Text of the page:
“Then it is settled,” declared Ondoher.  “We shall go forth to the land and begin our search.”

So the company made their way many leagues to the immediate west of the Misty Mountains. When they arrived at the location on the map, it took some time for them to find a place as described by their lord. Then, they saw it. On the edge of this land were 2 groupings of thick woods, but you could see that there once were dwarf foundations set here on the edge of the thickets. Indeed, these foundations were strong, but you could see places where possible dwarf valuables might have been stored.

That is when they saw them: some of the biggest orcs Ondoher had ever seen in his entire life. It would be a race to see who could find the artifact of the folk of Durin first, and who would leave with it.

“Quickly!” Ondoher cried. “Form up, men!” Ondoher and Malbeth formed the front of the shield wall, with Mablung and Hirgon and their spears behind.

Meanwhile, Turgon took Hurin and formed their own archer line. “With haste,” said Hurin. ”They are using the wood for cover!” A few of the large orcs drew into the wooded areas, while one ran off to the fat left flank, and the another orc and a companion flanked to the right.

The men of Gondor’s shield wall made it to an object in the middle of the battle field, but Ondoher quickly realized that it was nothing of value. Seeing this, they chose to peel away to the right flank. They charged to the next item that appeared to be what they might be looking for.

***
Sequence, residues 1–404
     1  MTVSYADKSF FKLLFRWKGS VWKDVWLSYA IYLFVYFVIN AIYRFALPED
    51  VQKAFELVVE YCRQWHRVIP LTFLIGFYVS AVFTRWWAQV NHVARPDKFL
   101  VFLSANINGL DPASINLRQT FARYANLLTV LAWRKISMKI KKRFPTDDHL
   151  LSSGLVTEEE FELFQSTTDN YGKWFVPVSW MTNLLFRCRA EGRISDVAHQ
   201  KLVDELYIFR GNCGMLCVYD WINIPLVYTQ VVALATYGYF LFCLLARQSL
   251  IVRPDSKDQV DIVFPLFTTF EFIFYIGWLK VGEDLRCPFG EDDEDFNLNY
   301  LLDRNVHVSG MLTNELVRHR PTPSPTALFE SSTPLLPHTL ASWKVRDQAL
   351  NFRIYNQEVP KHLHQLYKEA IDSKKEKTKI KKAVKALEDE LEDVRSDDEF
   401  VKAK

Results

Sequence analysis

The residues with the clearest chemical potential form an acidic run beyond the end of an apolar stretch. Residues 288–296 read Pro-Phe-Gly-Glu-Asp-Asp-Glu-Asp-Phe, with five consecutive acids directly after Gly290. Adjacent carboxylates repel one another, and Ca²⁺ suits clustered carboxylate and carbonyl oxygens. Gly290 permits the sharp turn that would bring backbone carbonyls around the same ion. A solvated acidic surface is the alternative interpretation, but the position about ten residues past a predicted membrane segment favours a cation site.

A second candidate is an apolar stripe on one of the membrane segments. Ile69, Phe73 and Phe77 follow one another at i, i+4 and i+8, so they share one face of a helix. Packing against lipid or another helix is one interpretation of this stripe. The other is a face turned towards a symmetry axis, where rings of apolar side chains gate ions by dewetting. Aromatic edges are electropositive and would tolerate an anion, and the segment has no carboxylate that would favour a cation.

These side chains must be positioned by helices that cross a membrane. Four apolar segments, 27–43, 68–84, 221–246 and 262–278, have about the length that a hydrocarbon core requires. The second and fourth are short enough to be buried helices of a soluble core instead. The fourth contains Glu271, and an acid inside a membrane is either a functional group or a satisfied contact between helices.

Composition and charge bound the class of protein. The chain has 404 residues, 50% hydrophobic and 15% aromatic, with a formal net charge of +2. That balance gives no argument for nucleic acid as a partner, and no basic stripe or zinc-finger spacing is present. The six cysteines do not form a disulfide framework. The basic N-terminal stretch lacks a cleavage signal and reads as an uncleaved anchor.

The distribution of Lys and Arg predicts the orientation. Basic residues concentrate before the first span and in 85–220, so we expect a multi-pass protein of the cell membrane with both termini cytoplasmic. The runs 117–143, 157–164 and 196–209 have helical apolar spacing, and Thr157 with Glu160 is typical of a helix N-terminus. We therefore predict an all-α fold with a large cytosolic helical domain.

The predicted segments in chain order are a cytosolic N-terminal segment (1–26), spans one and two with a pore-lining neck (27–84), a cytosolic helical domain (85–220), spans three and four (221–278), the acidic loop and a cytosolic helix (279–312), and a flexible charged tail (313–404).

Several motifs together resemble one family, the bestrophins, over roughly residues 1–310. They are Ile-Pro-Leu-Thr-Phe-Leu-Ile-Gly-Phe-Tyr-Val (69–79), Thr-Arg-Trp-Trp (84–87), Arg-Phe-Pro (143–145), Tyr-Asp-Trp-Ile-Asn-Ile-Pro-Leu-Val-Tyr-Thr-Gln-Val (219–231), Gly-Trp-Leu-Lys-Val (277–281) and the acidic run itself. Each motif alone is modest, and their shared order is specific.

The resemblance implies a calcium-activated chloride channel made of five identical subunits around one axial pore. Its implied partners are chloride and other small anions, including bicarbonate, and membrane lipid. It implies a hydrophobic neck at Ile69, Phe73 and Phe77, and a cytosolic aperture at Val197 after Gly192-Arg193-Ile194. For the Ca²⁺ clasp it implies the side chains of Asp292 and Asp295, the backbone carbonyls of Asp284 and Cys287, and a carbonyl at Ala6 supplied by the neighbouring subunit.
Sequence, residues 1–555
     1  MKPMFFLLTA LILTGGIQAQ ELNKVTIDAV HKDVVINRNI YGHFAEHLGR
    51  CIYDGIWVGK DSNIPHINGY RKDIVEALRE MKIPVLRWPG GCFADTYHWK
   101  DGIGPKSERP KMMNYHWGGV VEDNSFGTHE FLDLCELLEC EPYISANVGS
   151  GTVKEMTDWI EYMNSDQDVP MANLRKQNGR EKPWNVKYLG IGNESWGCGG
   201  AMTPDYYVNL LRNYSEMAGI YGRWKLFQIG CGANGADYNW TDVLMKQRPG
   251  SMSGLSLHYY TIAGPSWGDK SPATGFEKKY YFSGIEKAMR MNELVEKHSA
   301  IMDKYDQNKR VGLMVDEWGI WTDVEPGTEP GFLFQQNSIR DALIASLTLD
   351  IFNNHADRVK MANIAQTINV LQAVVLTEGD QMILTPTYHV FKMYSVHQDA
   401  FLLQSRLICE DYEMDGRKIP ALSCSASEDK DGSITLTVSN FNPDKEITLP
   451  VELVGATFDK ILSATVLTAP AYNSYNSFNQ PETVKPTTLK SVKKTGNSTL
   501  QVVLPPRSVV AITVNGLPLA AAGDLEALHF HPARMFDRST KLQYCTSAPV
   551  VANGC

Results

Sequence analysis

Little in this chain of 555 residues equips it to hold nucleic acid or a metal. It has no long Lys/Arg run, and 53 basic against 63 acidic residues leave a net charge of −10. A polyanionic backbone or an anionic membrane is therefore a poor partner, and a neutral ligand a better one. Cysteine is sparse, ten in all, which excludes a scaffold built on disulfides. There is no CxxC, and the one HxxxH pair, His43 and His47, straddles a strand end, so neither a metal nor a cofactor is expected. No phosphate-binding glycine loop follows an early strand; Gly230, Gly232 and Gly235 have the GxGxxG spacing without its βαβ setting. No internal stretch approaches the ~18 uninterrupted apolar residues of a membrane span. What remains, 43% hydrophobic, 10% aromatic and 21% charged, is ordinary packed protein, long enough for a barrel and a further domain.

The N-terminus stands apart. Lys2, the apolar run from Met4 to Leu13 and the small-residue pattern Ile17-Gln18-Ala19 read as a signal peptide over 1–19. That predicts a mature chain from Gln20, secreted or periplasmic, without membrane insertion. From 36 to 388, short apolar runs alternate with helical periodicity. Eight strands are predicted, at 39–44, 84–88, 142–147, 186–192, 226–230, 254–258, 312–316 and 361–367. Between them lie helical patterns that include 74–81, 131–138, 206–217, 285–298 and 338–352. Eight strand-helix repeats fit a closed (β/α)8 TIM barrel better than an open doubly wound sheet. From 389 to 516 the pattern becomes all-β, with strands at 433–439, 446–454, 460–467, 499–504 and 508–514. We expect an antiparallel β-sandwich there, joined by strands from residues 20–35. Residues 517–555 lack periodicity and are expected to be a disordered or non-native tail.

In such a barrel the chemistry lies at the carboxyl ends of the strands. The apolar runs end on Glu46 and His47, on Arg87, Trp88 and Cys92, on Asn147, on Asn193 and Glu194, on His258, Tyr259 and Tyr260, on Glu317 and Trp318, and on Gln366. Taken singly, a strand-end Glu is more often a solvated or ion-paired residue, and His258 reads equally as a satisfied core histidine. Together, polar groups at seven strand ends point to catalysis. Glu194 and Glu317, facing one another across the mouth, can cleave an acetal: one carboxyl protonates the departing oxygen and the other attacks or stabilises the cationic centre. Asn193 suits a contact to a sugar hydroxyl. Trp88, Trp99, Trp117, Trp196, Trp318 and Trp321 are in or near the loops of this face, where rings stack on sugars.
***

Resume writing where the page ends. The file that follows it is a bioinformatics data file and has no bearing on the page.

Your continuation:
They got close, but Ondoher saw that this may end up being a diversion from the truth Relic.  He let the enemy take it first. As he did so, he looked and saw an orc even bigger than the others. He was dripping with blood from the helm he wore, and he bore a large sword. This thing was ready for battle, and would not be an easy kill.

Meanwhile, Hurin and Turgon fired at the enemy hiding in the woods. Turgon missed wide, but it was Hurin who kept hitting on target, but the thick armor of these orcs would not be sundered so easily. They continue to fire as Ondoher and the shield wall approached another item.

It was then that the Orc picked up the the chest. the creature opened it, and found what it was that he was searching for, and began to turn off to run, but the chest was slowing him down. Ondoher saw this, and immediately charged into the foe, and Mablung assisted him with his spear. The fight was evenly matched, but Ondoher suddenly shoved the orc back and struck him down with mighty blow.